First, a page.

Figure 4
Figure 4

Effects of butyrate-related molecules on histone acetylation in L6 myotubes. (A) L6 myotubes were incubated for 18 hours with NaBut, the indicated butyrate-related molecules or TSA. Acid-extracted histones were immunoblotted with antibodies anti H2A.ZAc, anti H3K9/14Ac, anti H3K9Ac, anti H3K9Me2 or stained with coomassie blue as indicated. Signal quantification from representative western blots, relative to the coomassie blue staining signal, is shown next to each immunoblot. (B) Chemical formulas of NaBut and butyrate related molecules.

Induction of histone β-hydroxybutyrylation by β-hydroxybutyrate and HDAC inhibitors

Having observed that β-hydroxybutyrate does not promote histone lysine acetylation, we next tested its possible effects on histone β-hydroxybutyrylation, a newly discovered histone post-translational modification12. Exposure of HEK293, L6 myotubes and HMEC-1 cells to NaR-βOHB lead to an increase in hydroxybutyrylated lysine 9 of histone H3 (Fig. 5A–C). β-hydroxybutyrylation was mainly induced by the β-hydroxybutyrate R enantiomer (Fig. 5B, right panels). HDACi NaBut, 4-PBA and SAHA also induced histone hydroxybutyrylation (Fig. 5A–C).

Figure 5
Figure 5

β-hydroxybutyrate and HDAC inhibitors induce histone β-hydroxybutyrylation. HEK293 cells (A), L6 myotubes (B) and HMEC-1 (C) were incubated for 18 hours with NaR-βOHB or the HDAC inhibitors NaBut, 4-PBA or SAHA as indicated. Acid-extracted histones were immunoblotted with antibodies anti H3K9/14Ac, anti β-hydroxybutyryl-histone H3 Lysine 9 (H3K9bhb) and anti total H3. (B, right panels) L6 myotubes were incubated for 18 hours with 10 mM R-βOHB (R) or 10 mM S-βOHB (S) and immunoblotted with antibodies anti H3K9bhb and anti total H3. Signal quantifications from representative western blots, relative to total H3 immunoblot signals, are shown. Empty bars: anti H3K9/14Ac, black bars: anti H3K9bhb).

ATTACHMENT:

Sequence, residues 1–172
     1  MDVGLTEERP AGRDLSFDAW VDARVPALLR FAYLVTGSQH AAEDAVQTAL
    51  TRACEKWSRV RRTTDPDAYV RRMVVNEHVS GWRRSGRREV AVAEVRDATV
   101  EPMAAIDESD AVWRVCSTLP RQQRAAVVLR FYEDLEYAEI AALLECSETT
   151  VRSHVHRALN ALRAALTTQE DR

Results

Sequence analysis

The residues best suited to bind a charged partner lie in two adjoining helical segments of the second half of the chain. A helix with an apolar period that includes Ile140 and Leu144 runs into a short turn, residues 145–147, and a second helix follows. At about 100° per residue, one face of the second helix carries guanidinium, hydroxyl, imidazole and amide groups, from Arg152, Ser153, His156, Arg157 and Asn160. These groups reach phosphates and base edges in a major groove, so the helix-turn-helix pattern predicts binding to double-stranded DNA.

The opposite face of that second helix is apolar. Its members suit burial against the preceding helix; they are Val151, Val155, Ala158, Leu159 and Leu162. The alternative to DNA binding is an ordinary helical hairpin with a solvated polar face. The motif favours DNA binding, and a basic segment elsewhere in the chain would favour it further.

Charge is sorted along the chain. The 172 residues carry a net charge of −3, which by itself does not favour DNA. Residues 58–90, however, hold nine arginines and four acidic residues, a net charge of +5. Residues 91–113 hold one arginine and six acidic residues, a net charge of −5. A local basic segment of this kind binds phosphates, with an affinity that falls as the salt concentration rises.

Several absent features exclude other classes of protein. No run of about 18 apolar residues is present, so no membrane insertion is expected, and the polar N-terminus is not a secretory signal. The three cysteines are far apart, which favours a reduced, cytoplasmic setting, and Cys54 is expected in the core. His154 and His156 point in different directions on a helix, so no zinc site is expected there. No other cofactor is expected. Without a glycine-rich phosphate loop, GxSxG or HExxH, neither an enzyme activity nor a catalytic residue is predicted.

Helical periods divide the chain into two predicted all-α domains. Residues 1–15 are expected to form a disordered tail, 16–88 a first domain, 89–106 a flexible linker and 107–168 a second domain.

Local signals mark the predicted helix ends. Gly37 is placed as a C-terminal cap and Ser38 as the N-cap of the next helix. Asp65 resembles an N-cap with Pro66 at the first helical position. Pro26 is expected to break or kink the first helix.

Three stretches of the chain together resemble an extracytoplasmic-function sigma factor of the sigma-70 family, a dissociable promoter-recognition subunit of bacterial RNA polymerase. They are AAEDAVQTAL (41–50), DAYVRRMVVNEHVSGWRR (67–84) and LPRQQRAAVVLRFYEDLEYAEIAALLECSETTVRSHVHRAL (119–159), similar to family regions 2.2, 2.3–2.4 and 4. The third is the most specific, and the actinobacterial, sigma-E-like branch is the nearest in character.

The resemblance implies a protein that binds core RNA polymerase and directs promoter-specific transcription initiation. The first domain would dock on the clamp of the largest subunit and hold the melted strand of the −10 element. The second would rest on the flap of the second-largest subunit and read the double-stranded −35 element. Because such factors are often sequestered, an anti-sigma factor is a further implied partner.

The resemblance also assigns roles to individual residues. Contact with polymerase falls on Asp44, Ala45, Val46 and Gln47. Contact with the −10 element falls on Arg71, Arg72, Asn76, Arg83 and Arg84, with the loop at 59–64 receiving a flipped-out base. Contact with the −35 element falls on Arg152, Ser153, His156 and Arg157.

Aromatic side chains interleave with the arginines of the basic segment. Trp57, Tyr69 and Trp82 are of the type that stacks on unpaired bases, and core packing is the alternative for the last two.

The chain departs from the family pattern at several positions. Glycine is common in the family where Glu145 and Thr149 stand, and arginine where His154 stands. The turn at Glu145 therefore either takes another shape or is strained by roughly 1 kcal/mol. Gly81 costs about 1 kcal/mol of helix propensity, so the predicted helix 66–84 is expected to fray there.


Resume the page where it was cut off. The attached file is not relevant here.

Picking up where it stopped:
Divergent transcriptional effects of butyrate and β-hydroxybutyrate in L6 myotubes

Genes regulating metabolism

As both butyrate and β-hydroxybutyrate are implicated in the control of energy homeostasis, we investigated their transcriptional effects on insulin signaling genes in L6 myotubes. NaBut induced an upregulation of IRS1 and GSK3β, while downregulating the cholesterol biosynthetic gene hydroxyl-3-methylglutaryl CoA synthase 1 (HMGCS1) and having no effect on the glucose transporter GLUT4, hexokinase 2 (HK2) and glycogen synthase (GS) (Fig. 6). NaR-βOHB did not induce transcriptional changes on any of these genes, except for a HK2 downregulation (Fig. 6). As HK2 catalyses the first step of glycolysis, NaR-βOHB - dependent HK2 gene downregulation might be related to downregulation of glycolysis and a switch by the cells to the use of ketone bodies as primary energy source.

Figure 6
Figure 6

Effects of NaBut and NaR-βOHB (R-βOHB in graphs) on transcription of genes involved in insulin action. Quantification of the mRNA levels by RT qPCR for Glut4, HK2, IRS1, Gs, Gsk-3β and Hmgcs1 in L6 myotubes treated for 24 h with 5 mM NaBut (grey bars) or 20 mM NaR-βOHB (black bars). Gene expressions are normalized to the Hprt1 housekeeping gene. Error bars represent the mean ± SEM from 3 independent experiments. (*p < 0.05, versus Ctrl group using one-way ANOVA).

Upregulation of genes involved in protection from oxidative stress by NaBut